As long as I can remember, Republicans have pushed the meme that Business is efficient and good, while government is wasteful and corrupt. It’s not surprising that they see government this way, because, when they control it, it is. But this article by David Morris actually analyzes Public and Private sector efficiency in health care, Education, and Defense, exposing the Republican claim as a lie.
Unlike the public sector, the private sector is bred for efficiency. Left to its own devices, it will always find the means to provide services faster, cheaper, and more effectively than will governments. —James Jay Carafano, Private Sector, Public Wars
I suspect the vast majority of Americans would agree with Mr. Carafano. They probably consider the statement self-evident. The facts, however, lead to the opposite conclusion. When not handicapped by regulations designed to subsidize the private sector, the public sector often provides services faster, cheaper and more effectively.
Consider the results of recent privatization initiatives in three key sectors: health, education and national defense.
Alone among all industrialized nations, the US relies on private for profit insurance companies to manage its health care system. The result? The US has by far the most expensive health care system in the world both in total cost and as a percentage of GDP.
But we don’t have to look abroad to evaluate the comparative costs of private and public health systems. Consider Medicare.
Small privatization efforts under Medicare began in the 1980s but did not become full-borne until 1997 when the Republican Congress, with the support of President Clinton, created Medicare+Choice. Secure in their faith that the private is always superior to the public the Republicans agreed to a program in which private insurers would receive the same amount as the service cost under Medicare.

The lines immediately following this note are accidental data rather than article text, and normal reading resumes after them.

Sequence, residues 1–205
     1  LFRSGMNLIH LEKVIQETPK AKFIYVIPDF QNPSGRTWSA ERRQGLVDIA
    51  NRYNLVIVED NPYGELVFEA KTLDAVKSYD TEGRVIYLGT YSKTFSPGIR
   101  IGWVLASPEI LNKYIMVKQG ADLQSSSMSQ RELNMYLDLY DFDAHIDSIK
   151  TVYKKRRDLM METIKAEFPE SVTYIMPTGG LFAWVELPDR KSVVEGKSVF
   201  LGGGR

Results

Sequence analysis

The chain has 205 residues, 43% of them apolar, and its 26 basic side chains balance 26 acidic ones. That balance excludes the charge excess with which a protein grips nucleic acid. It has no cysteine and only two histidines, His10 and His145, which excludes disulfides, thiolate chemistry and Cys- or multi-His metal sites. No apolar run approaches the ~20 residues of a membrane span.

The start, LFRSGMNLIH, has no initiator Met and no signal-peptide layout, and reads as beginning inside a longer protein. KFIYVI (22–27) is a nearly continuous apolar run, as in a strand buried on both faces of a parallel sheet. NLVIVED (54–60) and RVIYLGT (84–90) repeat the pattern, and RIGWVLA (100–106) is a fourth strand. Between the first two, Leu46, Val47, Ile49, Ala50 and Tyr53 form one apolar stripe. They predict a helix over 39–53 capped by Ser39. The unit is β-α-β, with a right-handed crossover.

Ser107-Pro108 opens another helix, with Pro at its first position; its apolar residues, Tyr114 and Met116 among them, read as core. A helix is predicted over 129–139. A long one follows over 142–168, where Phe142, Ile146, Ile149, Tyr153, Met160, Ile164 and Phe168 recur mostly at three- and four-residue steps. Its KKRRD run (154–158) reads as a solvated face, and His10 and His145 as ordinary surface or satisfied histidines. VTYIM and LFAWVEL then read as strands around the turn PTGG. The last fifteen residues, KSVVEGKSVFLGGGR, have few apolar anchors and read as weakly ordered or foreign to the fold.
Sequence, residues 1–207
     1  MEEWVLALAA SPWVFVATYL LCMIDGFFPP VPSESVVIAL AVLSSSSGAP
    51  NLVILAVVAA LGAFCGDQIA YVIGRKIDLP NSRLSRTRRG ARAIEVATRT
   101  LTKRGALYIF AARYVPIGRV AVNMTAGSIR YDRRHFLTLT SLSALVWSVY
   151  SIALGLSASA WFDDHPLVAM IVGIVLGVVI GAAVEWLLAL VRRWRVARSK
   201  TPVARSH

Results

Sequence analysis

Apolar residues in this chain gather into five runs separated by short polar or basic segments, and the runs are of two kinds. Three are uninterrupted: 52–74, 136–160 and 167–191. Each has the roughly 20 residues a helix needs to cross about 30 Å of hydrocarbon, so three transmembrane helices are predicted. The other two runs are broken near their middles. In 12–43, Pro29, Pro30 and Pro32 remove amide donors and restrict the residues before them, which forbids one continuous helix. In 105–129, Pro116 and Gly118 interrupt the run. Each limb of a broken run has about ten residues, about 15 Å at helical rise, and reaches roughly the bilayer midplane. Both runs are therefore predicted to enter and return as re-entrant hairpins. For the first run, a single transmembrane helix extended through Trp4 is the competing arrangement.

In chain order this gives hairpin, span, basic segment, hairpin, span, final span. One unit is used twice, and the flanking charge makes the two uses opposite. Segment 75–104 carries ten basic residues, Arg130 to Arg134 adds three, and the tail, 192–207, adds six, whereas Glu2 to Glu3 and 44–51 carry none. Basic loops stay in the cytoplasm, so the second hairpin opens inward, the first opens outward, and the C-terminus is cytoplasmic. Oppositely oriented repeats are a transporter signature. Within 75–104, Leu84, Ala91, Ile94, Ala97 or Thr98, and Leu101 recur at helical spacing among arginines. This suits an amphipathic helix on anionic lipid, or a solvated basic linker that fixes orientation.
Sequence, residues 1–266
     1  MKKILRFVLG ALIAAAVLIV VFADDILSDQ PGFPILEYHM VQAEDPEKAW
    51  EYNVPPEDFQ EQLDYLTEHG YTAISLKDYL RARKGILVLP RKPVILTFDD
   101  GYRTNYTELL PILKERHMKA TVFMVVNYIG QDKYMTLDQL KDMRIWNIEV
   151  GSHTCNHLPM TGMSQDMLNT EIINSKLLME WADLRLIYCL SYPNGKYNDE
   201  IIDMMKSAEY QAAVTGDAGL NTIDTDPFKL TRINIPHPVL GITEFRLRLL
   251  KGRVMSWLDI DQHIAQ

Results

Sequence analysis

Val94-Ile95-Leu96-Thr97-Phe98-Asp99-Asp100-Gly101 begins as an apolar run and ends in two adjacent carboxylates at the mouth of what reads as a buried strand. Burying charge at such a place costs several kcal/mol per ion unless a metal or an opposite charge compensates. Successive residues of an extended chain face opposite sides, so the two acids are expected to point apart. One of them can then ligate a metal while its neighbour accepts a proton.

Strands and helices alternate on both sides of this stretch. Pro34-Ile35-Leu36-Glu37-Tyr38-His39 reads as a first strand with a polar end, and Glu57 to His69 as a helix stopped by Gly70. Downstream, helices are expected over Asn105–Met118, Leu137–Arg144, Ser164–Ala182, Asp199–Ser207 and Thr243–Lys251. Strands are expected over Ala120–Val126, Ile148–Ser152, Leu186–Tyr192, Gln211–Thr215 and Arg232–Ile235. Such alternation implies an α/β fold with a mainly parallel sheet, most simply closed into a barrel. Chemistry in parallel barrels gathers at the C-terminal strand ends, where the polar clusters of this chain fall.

The public sector proved uncompetitive. Private insurers began pulling out en masse. In 2000, more than 900,000 patients were dropped from the Medicare+Choice program.
No one should have been surprised. Private insurers have a huge handicap. Their overhead costs-marketing, profits, etc.—dwarf those of Medicare: slightly under 17 percent compared to about 5 percent for Medicare.
How did the Republican Party react to this real world challenge to their foundational belief in the efficiencies inherent in a private enterprise system? They changed the rules. Having proven unable to win in a fair fight, private insurers were now given a handsome subsidy when Medicare Advantage replaced Medicare+Choice. The federal government now pays private insurers on average 14 percent more per member than the same care would cost under traditional Medicare.
The huge subsidy allowed private insurers not only to make a profit but to offer some low cost goodies, like membership to gyms, Medicare doesn’t offer. Today, about 8.5 million Medicare beneficiaries nationwide are enrolled in some form of private Medicare plan—nearly 20 percent of all Medicare beneficiaries.
Astonishingly, having proven that private health insurance costs more Republicans have now made the further privatization of Medicare the centerpiece of their budget deficit plan. Instead of directly insuring seniors their new plan would have the government give them a voucher to buy private insurance. The government would save money because the value of the vouchers would rise at a slower rate than health care costs.
New Yorker business writer James Surowiecki sums up the conclusions of an analysis of the plan by the non-partisan Congressional Budget Office, “seniors would have to spend more and more of their income on private insurance and out-of-pocket expenses, or go without… Ryan’s plan would actually increase the amount of money Americans spend on health care, since private insurers aren’t as good at curbing costs as Medicare. But taxpayers would pay less.”… [emphasis added]
Inserted from <Alternet>
This is just the portion on health care. I strong encourage you to click through and read the sections on education and defense.
Republicans object to the ACA, because it slashes Medicare, they say. They are lying of course. The savings come not from cutting benefits, but by improving efficiency, and most of all, by eliminating that 14% subsidy for Big Insurance. The insurance companies don’t want to return to a level playing field, because they already demonstrated they can’t compete.
Truly, there are some things government does best, as long as Republicans are not at the helm.